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Image Angel Records 2003

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(06 June 2003) Sarah Brightman has returned with an all new recording entitled Harem (Angel Records (USA) 37180-2, 2003). Originally slated for release in March 2003, it was held back--given its theme--to give world tensions a chance to ease. The artist's stunning soprano voice has sold more than 15 million records worldwide. A musical fantasy inspired by the Middle East of legend, Harem is perhaps Brightman's most unique and personal album to date, showcasing her songwriting talents, her passionate creative instincts and her incomparable voice. The artist's website has been revamped to support the new album.

"With Harem I wanted to do something with a Middle Eastern percussive feel," says Brightman. "I am fascinated by the desert, by the space, the peace and the spirituality, all those fantastic Technicolor images from The Arabian Nights and Lawrence of Arabia, among others. It was a feeling at first but as I immersed myself in Turkish and Middle Eastern music, especially some of the new dance things that are being produced now, I became intrigued by the whole idea. I like a big cinematic feel with music and these sounds and inspirations gave me a framework with a lot of space to create with."

The album is available in CD format and, in some territories as limited edition with bonus DVD. The project features orchestral musicians from as far apart as Prague and Cairo and a host of instrumentalists from all over the world. Brightman is joined by an extraordinary galaxy of collaborating ranging from classical violin superstar Nigel Kennedy to singer Kadim Al Sahir, one of the Middle East's most important and innovative new stars. The album is produced by Frank Peterson and orchestrated by Jaz Coleman, who has broad experience working with Middle Eastern orchestras and musicians.

The title track, "Harem," dramatises the scope and imagination of the album. The song establishes a profound musical connection between Middle eastern sounds and the ancient inspirations of Portuguese fado. The luminious "The War Is Over," a song that embraces an end to the conflicts in love, eloquintly brings Sarah Brightman's voice together with that of Iraqi singer Kadim Al Sahir and the exquisite violin playing of Nigel Kennedy. Kennedy also joins Brightman on "Free," a deeply felt new song inspired by a French lyric, echoing the liberating passion that is the heart of the album.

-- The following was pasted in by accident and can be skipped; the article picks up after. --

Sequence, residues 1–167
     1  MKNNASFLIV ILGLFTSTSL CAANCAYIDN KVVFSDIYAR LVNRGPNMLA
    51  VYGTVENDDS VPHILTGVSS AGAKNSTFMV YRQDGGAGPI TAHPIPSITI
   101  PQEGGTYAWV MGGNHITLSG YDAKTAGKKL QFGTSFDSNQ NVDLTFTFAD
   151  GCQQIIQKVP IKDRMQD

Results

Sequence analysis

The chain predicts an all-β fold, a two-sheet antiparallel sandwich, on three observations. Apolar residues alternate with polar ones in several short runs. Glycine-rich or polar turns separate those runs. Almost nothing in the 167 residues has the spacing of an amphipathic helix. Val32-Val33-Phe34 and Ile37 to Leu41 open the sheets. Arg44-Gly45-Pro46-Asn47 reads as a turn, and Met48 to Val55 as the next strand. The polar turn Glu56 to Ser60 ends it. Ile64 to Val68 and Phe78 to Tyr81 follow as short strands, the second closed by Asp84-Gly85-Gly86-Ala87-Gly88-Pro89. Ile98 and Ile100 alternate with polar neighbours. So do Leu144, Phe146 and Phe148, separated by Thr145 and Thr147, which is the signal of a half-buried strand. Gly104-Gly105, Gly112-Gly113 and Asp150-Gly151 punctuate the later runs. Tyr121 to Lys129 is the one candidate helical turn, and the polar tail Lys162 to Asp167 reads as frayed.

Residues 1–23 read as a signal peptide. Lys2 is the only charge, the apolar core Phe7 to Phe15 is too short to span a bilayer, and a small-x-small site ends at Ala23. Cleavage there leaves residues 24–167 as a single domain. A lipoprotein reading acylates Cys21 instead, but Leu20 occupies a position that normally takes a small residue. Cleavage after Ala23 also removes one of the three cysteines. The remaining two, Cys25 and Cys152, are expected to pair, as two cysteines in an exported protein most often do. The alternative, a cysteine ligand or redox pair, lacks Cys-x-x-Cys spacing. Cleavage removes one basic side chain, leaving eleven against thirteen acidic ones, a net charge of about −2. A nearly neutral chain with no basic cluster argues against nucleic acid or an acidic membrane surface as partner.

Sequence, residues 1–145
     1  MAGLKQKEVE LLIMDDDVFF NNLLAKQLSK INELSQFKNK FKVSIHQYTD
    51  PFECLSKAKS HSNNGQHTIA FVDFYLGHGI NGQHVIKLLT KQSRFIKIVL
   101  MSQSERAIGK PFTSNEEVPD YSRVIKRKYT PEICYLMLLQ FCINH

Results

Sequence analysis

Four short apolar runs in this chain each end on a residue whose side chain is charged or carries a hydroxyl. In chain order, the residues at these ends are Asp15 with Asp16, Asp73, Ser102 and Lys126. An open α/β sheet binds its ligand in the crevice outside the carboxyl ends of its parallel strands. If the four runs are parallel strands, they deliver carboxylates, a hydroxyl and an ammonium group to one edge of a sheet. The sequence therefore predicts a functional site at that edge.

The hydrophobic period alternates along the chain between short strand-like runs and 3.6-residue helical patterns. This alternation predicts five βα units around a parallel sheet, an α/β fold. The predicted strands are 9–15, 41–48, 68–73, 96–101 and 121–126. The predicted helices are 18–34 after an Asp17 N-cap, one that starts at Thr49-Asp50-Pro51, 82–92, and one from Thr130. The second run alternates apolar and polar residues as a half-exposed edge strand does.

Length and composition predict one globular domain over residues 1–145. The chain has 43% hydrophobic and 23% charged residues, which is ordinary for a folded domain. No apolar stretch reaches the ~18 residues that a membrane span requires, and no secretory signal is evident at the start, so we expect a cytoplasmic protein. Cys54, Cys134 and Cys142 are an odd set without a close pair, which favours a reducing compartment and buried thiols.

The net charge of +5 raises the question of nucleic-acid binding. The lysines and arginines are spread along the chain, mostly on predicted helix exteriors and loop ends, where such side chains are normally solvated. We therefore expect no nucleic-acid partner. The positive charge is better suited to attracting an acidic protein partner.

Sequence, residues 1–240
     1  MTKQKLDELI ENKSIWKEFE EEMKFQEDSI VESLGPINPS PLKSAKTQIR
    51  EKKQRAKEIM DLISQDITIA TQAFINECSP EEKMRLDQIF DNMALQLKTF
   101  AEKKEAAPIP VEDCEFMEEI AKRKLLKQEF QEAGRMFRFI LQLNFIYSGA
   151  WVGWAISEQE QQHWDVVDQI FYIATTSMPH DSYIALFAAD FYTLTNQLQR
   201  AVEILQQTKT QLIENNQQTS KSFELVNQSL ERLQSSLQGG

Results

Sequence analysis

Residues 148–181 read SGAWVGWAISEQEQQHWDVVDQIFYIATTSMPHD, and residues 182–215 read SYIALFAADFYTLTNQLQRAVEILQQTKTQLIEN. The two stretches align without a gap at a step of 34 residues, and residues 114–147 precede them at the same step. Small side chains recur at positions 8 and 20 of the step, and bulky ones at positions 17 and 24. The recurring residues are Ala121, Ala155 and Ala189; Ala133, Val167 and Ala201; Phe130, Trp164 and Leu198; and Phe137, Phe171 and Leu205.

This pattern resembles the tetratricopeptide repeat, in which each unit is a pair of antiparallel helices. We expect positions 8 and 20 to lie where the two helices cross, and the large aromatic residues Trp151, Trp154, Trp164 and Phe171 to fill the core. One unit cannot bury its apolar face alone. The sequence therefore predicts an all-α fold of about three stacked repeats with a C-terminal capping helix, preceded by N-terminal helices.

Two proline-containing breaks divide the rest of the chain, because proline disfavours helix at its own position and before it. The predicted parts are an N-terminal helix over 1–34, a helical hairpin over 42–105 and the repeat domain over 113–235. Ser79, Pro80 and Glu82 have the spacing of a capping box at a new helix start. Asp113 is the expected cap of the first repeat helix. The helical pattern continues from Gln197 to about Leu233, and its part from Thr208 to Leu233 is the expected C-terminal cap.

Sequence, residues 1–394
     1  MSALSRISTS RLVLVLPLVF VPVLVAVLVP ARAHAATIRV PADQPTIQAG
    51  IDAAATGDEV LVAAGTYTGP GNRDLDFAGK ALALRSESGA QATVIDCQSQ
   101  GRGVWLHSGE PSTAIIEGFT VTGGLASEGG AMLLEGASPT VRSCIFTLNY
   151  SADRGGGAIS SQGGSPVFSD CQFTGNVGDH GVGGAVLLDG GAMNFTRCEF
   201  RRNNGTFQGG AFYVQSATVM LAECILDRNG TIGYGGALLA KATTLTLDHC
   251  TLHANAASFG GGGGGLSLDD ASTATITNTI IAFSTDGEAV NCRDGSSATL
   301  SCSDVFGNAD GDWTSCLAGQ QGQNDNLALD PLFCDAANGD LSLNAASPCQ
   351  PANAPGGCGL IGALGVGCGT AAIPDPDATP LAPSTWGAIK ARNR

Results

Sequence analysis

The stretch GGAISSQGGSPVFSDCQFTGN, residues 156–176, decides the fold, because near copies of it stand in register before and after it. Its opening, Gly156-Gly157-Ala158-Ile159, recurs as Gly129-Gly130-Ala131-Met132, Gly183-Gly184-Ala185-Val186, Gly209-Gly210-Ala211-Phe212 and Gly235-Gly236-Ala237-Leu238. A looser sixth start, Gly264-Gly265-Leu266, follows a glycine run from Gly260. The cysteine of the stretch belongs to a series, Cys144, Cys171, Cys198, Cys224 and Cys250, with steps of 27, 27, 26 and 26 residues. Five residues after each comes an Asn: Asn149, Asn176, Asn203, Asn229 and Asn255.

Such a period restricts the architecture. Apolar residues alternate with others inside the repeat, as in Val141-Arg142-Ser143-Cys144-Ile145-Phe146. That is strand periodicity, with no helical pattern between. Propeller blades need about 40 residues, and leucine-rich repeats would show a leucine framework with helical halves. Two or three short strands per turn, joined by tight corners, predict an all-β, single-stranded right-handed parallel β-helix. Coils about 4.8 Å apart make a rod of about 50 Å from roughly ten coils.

Sarah Brightman's imagination drives a new sound for some classic hits, bathed in the Middle Eastern atmosphere that has inspired her. "Stranger in Paradise" circles back to Alexander Borodin's voluptuous Polovetzian Dances for its rich orchestral textures, cradling Brightman's shimmering voice, while "What A Wonderful World" is an audacious reinvention of a well-traveled pop anthem--edgier this time and almost melancholy. Brightman also reaches into the world of grand opera again, taking the melody of Puccini's "Un bel di" to spark the dance-inspired "It's A Beautiful Day."

Harem also includes an array of stunning new songs that echo the album's inspiration--"Beautiful," "Arabian Nights," "What You Never Know," "Mysterious Days," "Until The End Of Time," "THe Journey Home" (written by Indian film composer A. R. Rahman) and a fresh take on a song Brightman recorded earlier, "You Take My Breath Away." Like the artist's former albums, there are all-new tracks, covers, unique interpretation of classics and new versions of formerly recorded songs.

Sarah Brightman's talents are celebrated the world over; she regularly plays to packed houses in Europe, Asia and the Americas. Her work has been captured on DVDs, such as the two that support Eden and La Luna. These remain generally available. Over the last few years, she has performed more concerts in the U.S. than any other British artist and will continue to tour the U.S. in the fall of 2003 with a new stage show built around the Harem album.

Read further reviews, listen to soundbites and order the album from amazon.com here. Sarah Brightman continues to be one of the leading sopranos making music today. Clearly worth a trans-Atlantic journey like her previous material, this album is undoubtedly a must listen!

 
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